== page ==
The Book Thief steals again

bookthiefFor quite awhile I’d been hearing buzz about Markus Zusak’s The Book Thief and how amazingly good it was, and that I should move it to the top of my TBR pillar-to-the-sky. Since I’ve been reading a lot these days about World War 2 for the novel I’m writing, I figured I had two reasons to move it up the pillar, one being the acclaim I kept hearing, and the second being I could classify it as research.

I hadn’t read the back cover copy or any reviews. I didn’t know who would be telling the story nor even who the stealer of books was, so I was unprepared for the first few pages. Lost, even. I hesitate to even tell you why I was lost lest I tell you too much and you miss out on the extraordinary experience of learning for yourself who the narrator is. In fact, if you haven’t yet read any reviews of the book, DON’T. Stop with this one.  I will barely tell you anything other than you will be moved to your core.

Perhaps this will be enough to whet your appetite to read it. Goodreads says The Book Thief is the unforgettable story “about the ability of books to feed the soul.”

The short premise is this: “Liesel Meminger is a foster girl living outside of Munich, who scratches out a meager existence for herself by stealing when she encounters something she can’t resist – books. With the help of her accordion-playing foster father, she learns to read and shares her stolen books with her neighbors during bombing raids as well as with the Jewish man hidden in her basement.”

The story takes place in the years of the second World War, on the streets of a little German village populated by ordinary people who love their children and their homes and meals around the table and birthdays and music and literature.

It is shelved as YA lit, meaning it was written for young adults, but the themes and the prose inside the pages are timeless enough for an adult of any age.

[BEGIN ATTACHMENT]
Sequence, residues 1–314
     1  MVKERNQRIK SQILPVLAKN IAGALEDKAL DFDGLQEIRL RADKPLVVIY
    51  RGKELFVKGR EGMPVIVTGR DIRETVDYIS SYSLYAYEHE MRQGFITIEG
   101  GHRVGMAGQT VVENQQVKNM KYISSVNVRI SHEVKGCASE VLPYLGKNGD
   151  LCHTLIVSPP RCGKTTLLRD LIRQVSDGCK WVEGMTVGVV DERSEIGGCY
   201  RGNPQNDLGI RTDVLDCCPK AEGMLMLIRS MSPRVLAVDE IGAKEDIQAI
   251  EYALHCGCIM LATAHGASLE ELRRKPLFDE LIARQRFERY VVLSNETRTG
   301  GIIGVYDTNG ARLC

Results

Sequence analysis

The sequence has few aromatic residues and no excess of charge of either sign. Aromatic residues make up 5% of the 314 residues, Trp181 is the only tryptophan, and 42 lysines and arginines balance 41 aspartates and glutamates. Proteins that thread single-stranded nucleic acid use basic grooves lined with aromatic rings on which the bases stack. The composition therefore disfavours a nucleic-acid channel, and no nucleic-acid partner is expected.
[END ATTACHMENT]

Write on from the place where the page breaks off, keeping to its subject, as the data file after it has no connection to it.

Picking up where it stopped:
It’s a book about love and family and sacrifice.

It’s a book about books.

It didn’t really happen, but it could have.

It will steal a piece of your heart forever.

There. Is that enough for you?

And because this beautifully crafted trailer will not spoil anything for you, do enjoy. The movie comes out in November, but do read the book first. Put it at the top of your pillar, readers. I think you will be glad you did.

And if you’ve read it, I would sure love to hear what you think if you can tell me without sharing any spoilers…

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Author: Susan

This post has 2 Comments

  1. Pattie on September 9, 2013 at 8:55 pm

    It was hard to get into. So hard, in fact, that the first two times I tried reading it, I took it back to the library. I could not get into it or past the “pig” remarks (you know what I mean–and no spoilers!). When we lived in Texas for a year, my best friend Teri told me I HAD to read it, and I had to push through and give it a chance. I am glad I did. I have almost convinced my 16 y.o. that it should be her next book (since it now resides on a bookshelf in my home).

  2. Susan on September 9, 2013 at 9:00 pm

    I do know what you mean! It’s a bit jolting at times, and so unlike any book I’ve ever read. I almost stopped reading it at the beginning,too, but I pressed on because of the critical acclaim. It didn’t take long for me to be caught up in it,though, jolts and all.

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